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How far would you go with a friend?

(7 Posts)
honestfriend Tue 07-Oct-08 12:46:24

Name changed for this- but a regular.

Have a friend whose 20 yr old marriage is in big trouble- she has been in counselling for 3 years but it has gone pear shaped as the counsellor has become emotionally involved and taken sides. Very unethical.

Problem is though that the counsellor has made my friend feel the marriage issues are 100% DH fault, and that she is perfect.

I have known friend for 30 years and we talk about everything. I know that she should take some of the blame for the relationship. For the most part, I have listened to her with occasional comments if I feel she has over reacted to DH and his behaviour, which has caused the rows. She cannot take any criticism.

Would you tell her any home truths, if it could save the relationship? Or keep quiet?

At times I think her behaviour is completely unreasonable, but her counsellor has put her on a pedestal, and she now believes DH is in the wrong all the time. I don't want to give specific examples, in case it's tmi, but what would you do?

hecAteTheirBrains Tue 07-Oct-08 12:47:46

Never give opinions unless asked for them!

NotQuiteCockney Tue 07-Oct-08 12:50:07

The counsellor sounds dreadful. (Hmmm, is it possible that the counsellor hasn't said this, but that your friend is choosing to hear only criticism of her DH?)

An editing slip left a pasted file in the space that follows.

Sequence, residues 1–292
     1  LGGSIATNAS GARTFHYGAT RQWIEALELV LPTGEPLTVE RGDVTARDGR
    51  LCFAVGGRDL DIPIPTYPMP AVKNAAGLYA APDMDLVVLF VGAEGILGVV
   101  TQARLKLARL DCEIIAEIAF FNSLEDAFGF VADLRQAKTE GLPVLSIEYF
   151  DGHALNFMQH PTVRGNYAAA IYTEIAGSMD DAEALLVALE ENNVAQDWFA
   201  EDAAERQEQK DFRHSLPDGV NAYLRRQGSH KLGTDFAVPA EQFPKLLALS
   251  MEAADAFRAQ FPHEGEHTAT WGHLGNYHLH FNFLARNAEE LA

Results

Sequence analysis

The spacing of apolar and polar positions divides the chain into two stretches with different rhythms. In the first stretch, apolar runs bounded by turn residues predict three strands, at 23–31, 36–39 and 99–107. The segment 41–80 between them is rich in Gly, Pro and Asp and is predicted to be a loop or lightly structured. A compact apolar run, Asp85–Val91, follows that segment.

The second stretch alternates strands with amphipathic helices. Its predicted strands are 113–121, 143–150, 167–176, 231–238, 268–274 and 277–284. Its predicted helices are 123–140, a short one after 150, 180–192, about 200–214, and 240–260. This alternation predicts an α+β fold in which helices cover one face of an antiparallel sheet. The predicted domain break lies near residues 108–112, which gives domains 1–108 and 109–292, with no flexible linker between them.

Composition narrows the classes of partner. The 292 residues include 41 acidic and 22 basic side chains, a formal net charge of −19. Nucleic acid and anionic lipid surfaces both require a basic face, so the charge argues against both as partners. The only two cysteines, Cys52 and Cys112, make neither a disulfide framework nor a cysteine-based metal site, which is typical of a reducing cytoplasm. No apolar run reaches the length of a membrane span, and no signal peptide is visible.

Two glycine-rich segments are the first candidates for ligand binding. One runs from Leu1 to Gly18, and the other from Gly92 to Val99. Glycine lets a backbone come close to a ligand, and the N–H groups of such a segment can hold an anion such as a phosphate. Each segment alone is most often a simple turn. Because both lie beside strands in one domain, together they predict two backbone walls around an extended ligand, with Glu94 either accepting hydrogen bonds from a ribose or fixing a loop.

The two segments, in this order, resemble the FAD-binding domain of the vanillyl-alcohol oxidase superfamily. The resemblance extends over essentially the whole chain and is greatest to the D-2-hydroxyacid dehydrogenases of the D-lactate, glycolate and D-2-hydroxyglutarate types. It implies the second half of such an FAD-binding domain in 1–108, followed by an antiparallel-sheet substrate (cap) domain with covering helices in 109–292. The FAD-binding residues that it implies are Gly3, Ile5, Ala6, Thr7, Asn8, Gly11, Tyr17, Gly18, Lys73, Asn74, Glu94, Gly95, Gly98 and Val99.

I don't think "home truths" help, as I doubt your friend would hear them. But you might be able to ask some pointed questions, listen carefully, maybe make some gentle points?

more Tue 07-Oct-08 12:50:27

Are you sure it is not just a matter of her having convinced herself that counsellor agrees that she is all that (and more)?

Is she normally able to persuade herself (and others) that when she does something wrong it is okay because she did it with the best of intentions.

I know certain people who are experts in never, ever being in the wrong. Never having to say sorry. Always doing the right things, even if they don't do the right thing it is never going to be as bad as what the other person did.

honestfriend Tue 07-Oct-08 13:24:30

The counsellor ( who is actually retired- but she went to her as she is a friend of a friend) has actually written her letters after the sessions saying "leave this awful man" and words to that effect. I have read those letters. Counsellor is batty.

What she has done is given my friend confidence to stand up to her DH. But too much so- and now she feels she is right all the time and he is wrong, all the time.

I just want her to be happy and I suppose when she off loads it is very hard to be completely impartial when I can see why her behaviour upsets DH as much as his upsets her.

more Tue 07-Oct-08 15:43:38

If there is written evidence of misconduct should he not be reported? Even with him being retired.

Even though if you want to keep her as a friend then I would stay well out of it. Nod and smile, nod and smile.

honestfriend Tue 07-Oct-08 21:30:05

He's a she- and friend thinks she is great! (Cos she has been her cheer leader for all this time.)

Good advice- difficult though when you can see your friend's marriage going down the pan and she is following the "advice" of this batty counsellor who has poisoned her mind imo, with her strong views on her DH. She makes her ( friend)out to be Mother Theresa, and honestly, she has her faults like us all- but it is hard when she ask my opinion of a row etc and I am thinking "Well you were in the wrong then, imo," but she never even thinks that- she is always right.

We are VERY close- and she spends hours talking about it- but the minute I hint that she may be partly to blame, she cannot see it.

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